According to Mr. Capell, this ballad came originally from Mr. Thomas Jones, who lived at Tarbick, a village in Worcestersbire, about eighteen miles from Stratford-upon-Avon, and died in 1703, aged upwards of ninety. He remembered to have heard from several old people at Stratford, the story of Shakspeare's robbing Sir Thomas Lucy's park, and their account of it agreed with Mr. Rowe's, with this addition that, the ballad written against Sir Thomas Lucy, by


Shakspeare, was stuck upon his park gate, which exasperated the knight to apply to a lawyer at Warwick, to proceed against him. Mr. Jones put down in writing the first stanza of this ballad, which was all he remembered of it."

Mr. Malone has this additional account: In a manuscript history of the stage, full of forgeries and falsehoods of various kinds, (written I suspect, by William Chetwood, the prompter,) sometime between April, 1727, and October, 1730, is the following passage, to which the reader may give as much credit as he thinks fit:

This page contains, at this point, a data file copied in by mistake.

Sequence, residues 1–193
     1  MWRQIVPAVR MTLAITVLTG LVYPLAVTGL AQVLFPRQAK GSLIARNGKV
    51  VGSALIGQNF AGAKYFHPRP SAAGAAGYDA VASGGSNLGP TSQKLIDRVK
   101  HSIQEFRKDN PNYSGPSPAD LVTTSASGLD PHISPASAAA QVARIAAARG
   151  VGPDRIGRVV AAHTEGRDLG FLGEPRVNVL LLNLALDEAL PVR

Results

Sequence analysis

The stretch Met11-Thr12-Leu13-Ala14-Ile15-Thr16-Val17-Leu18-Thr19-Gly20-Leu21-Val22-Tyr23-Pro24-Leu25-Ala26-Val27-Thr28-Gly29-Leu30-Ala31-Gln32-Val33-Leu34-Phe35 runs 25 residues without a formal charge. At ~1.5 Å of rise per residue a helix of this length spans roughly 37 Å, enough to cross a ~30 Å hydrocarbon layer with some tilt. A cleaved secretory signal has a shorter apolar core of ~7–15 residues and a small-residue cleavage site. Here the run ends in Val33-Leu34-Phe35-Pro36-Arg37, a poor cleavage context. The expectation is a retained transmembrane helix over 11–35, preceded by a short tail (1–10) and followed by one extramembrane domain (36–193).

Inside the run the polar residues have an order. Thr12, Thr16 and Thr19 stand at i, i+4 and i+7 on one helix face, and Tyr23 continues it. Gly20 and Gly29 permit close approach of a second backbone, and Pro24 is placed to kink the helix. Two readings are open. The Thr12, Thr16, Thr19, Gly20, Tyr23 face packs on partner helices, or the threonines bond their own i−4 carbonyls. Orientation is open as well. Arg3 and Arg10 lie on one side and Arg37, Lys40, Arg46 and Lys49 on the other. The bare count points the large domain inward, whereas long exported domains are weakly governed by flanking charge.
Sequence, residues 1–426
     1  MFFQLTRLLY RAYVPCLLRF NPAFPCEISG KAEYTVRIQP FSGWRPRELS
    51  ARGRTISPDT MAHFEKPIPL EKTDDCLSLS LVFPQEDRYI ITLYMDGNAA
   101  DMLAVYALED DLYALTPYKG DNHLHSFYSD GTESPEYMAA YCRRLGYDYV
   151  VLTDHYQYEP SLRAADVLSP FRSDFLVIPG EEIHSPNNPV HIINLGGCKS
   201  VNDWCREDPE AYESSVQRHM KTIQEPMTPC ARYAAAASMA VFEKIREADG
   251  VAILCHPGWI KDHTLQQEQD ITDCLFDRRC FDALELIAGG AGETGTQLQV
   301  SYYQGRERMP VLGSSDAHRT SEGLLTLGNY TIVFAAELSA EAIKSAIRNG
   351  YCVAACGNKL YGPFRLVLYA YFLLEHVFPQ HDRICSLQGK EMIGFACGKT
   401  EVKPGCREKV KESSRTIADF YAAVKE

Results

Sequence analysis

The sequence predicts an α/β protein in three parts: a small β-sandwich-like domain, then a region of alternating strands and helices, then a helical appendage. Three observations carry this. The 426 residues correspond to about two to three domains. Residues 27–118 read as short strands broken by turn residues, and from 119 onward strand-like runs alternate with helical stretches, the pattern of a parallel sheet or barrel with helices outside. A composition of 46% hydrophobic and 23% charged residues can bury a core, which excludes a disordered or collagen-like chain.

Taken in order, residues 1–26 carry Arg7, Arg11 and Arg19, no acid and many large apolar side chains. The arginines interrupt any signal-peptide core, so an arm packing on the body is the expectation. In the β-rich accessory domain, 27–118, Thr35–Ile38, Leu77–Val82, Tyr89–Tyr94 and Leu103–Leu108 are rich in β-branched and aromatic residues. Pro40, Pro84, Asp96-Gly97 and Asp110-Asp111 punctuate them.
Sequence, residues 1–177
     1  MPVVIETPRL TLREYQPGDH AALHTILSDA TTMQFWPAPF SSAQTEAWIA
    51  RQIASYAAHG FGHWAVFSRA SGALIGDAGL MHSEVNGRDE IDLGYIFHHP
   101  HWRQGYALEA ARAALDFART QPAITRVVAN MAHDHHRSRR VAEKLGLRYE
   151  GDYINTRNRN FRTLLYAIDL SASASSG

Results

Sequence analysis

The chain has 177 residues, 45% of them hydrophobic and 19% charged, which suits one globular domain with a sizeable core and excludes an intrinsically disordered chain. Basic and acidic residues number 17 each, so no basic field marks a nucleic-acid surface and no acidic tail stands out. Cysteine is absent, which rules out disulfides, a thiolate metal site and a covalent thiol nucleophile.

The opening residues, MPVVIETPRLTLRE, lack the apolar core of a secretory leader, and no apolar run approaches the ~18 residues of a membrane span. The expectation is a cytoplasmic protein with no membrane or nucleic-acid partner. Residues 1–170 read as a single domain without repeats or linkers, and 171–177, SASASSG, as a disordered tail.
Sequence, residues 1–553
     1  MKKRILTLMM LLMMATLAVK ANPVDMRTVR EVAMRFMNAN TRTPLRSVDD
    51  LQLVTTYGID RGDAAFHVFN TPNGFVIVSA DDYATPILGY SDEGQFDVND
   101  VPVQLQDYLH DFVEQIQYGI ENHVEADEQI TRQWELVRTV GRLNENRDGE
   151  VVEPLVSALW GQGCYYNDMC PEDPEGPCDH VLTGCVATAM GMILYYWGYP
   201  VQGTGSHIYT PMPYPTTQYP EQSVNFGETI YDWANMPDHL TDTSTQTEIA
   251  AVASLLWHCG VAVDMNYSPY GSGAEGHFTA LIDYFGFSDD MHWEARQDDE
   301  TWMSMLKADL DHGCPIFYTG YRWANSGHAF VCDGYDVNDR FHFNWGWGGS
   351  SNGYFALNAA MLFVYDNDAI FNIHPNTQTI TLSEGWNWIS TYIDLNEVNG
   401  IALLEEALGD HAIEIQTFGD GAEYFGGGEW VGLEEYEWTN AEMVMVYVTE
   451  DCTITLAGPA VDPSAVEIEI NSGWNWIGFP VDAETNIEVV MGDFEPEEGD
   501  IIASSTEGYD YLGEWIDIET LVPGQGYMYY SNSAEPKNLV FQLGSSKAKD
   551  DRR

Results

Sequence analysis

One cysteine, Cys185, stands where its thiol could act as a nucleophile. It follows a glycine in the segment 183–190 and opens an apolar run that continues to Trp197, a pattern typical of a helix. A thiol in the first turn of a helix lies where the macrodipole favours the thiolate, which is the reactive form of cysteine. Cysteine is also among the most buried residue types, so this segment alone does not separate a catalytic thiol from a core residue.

“ Here we shall observe, that the learned Mr. Joshua Barnes, late Greek professor of the University of Cambridge, baiting about forty years ago, at an inn in Stratford, and hearing an old woman singing part of the above-said sung, such was his respect for Mr. Shakspeare's genius, that he gave her a new gown for the two following stanzas in it, and could she have said it all, he would, (as he often said in company, when any thing has casually arose about him) have given her ten guineas :

“ Sir Thomas was too covetous

To covet so much deer ;
When horns enough upon his head,

Most plainly did appear.

Had not his worship one deer left

What then? be bad a wife
Took paius enough to find him horns,

Should last him during life."


It is time to quit the deer-stealing story, and Shakspeare's ballads, which, perhaps, the candid reader will think reflect no great lustre upon his memory, notwithstanding the enthusiastic reverence of honest Joshua Barnes.